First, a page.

Friday, 16 January 2015

Turn your hobby into a business - part 2

Today we have part two of a three part series running this week and next week on the blog entitled "Turn your hobby into a business".  This brought to the blog by Fiona Pullen from The Sewing Directory who is also the author of Craft a Creative Business which came out this week in the US and is already out in the UK (UK readers click here, US readers find it here).

Part 2 – Research and Planning 

Now if you’ve read part one, and think that running your own business is for you the next stage is to research and plan your business idea. Many crafters kind of fall into running a business, people offer to buy what they make so they start selling it without ever having properly thought it through.

Most of them haven’t costed it out, haven’t researched which products to sell or planned where they want their business to go. They start selling a few items to friends and family, which goes well so they decided to start selling at craft fairs or online. Before they know it they are running a business with no idea of what they actually want, or need from that business.

Even if you are already at that stage there is nothing to stop you from taking a step back and doing your research and planning now. Nothing is set in stone, if you research tells you that you should be doing something a little different then you can do it. If it shows you there is no way to make a profit carrying on as you are then you can adapt.

So where do you start? Grab a pen and paper (or a computer if you prefer) and start writing down what you want to do. What do you want to make, how do you want to spend your days. Close your eyes and envisage a shop of your products, what products would they be? What would they be made from, how would they be presented. Draw it in your mind and note down the finer details.

This is your starting point, the dream! Now you need to look into how you could make it a reality. Firstly you want to see what competition there is. Is anyone else doing what you do, if so how can you differentiate yourself? You don’t want to be seen as a copy of another business, you want to be offering something unique. If there is no one else doing it all you need to investigate why not. Have people tried it and found there was no market? Or do you have something really unique?

Even if people have tried it and failed it doesn’t mean you will, you need to study what they did and see if you could identify where it went wrong, and what you could do differently to make it succeed. Speak to people in the industry and get feedback, research online, look on blogs/sites/forums to see what other people said about the businesses that failed. This could help you identify how to do it successfully.

If others are already doing something similar to what you want to do you want to study them and assess their strengths and weaknesses so you can learn from them. How will you do it differently? How can you improve on what they offer? How will your products stand out amongst all the others? Is there too much competition already or space for another business such as yours? Do their products seem to be selling well? Are their customers happy?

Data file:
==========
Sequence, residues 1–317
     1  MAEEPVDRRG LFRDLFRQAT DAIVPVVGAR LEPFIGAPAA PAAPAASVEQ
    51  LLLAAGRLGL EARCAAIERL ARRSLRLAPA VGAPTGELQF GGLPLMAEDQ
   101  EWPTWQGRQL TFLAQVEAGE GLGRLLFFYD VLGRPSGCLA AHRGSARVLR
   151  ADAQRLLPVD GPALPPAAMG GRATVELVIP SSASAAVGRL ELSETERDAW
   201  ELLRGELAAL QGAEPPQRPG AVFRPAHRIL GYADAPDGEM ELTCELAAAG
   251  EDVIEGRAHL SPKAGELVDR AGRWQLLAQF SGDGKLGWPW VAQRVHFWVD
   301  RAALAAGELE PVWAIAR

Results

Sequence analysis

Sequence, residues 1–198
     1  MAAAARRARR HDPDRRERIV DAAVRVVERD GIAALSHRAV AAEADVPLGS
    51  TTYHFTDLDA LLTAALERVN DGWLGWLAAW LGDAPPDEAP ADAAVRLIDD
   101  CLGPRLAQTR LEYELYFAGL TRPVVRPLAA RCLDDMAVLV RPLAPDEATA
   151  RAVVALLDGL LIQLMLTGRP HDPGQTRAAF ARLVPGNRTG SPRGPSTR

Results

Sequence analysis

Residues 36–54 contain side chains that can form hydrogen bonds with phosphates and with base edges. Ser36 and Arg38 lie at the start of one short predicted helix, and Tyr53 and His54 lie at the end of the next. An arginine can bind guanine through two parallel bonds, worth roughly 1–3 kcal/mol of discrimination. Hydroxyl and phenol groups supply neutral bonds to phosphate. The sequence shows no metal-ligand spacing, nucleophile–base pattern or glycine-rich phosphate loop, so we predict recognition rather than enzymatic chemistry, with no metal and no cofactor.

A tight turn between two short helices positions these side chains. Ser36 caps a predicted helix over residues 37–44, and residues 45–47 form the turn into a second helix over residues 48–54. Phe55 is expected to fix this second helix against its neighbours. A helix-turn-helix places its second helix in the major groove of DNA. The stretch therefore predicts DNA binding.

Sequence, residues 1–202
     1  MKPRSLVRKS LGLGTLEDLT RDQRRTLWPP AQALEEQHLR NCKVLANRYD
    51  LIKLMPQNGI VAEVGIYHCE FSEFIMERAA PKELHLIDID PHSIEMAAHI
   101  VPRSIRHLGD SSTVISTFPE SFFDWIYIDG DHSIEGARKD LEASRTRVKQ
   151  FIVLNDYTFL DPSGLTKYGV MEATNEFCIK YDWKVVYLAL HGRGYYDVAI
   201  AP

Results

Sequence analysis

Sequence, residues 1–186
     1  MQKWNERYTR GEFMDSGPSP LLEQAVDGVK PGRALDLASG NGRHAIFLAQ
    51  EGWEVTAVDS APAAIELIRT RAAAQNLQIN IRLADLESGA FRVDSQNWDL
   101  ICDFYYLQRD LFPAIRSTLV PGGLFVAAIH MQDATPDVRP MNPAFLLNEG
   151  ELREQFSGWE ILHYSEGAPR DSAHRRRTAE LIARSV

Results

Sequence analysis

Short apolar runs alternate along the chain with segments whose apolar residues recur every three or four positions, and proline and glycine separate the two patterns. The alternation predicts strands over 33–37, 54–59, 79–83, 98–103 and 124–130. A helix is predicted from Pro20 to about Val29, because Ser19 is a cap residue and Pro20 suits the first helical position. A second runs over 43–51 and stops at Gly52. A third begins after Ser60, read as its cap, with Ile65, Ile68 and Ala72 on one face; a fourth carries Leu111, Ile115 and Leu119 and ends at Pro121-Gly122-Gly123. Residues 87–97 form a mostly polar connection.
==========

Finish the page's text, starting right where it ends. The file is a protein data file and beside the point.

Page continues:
Another thing you want to research is where best to sell your products. Visit local craft fairs and see what sells well and what doesn’t. Weigh up the pros and cons of the various online market places. Look at options for setting up your own website and think about how you could market it. You need to decide what is the best option for you to get your product in front of your potential customers. 

Competitor analysis is an essential part of business, but I want to emphasise here that you want to learn from them, be inspired by them but do not copy them. Apart from that fact that breaching someone else’s copyright is illegal, you will also lose the respect of industry peers, and your customers if they see you copying someone else. It would be very hard to re-build that trust should that happen.
As well as researching your competitors you also need to research your customers. Who are the type of people that would buy your product? You need to narrow it down as much as possible, don’t just say all women would love what you make because that isn’t true. Not everyone will, so what differentiates those who will like it from those who won’t? What will make people buy it as opposed to just looking at it and admiring it?

The more precisely you can identify your customer the easier it will be to target them with your marketing. You want to have an idea of what sex they are, roughly what age they are, where they shop, what they read, where they hang out, how much they spend... All of these things will help you plan your marketing strategy. If you don’t know the answer try conducting marketing research surveys to find the answers.
Let’s face it if you are talking full size quilts you are looking at people with fairly big budgets. Quilts are not cheap to produce and take a lot of hours to make therefore making your costs high, so someone buying a large quilt is going to have a very different budget from the kind of person that would buy some quilted mug rugs.

In part 3 on Monday 19 January we will look at pricing your products to make sure you make a profit.


  1. Great ideas and such great Union Jack projects!

  2. Very good advice but could I add please be respectful of someone's hard work if you are asking a quilter how they run their business. I am happy to talk generally about it but not to give away exactly how I run things, souce my packaging , deal with my customers etc. it has taken lots of time and thinking to come up with my business model and as you say, people need to think of unique ideas rather than ' taking inspiration' which can be close to copying, from other makers.


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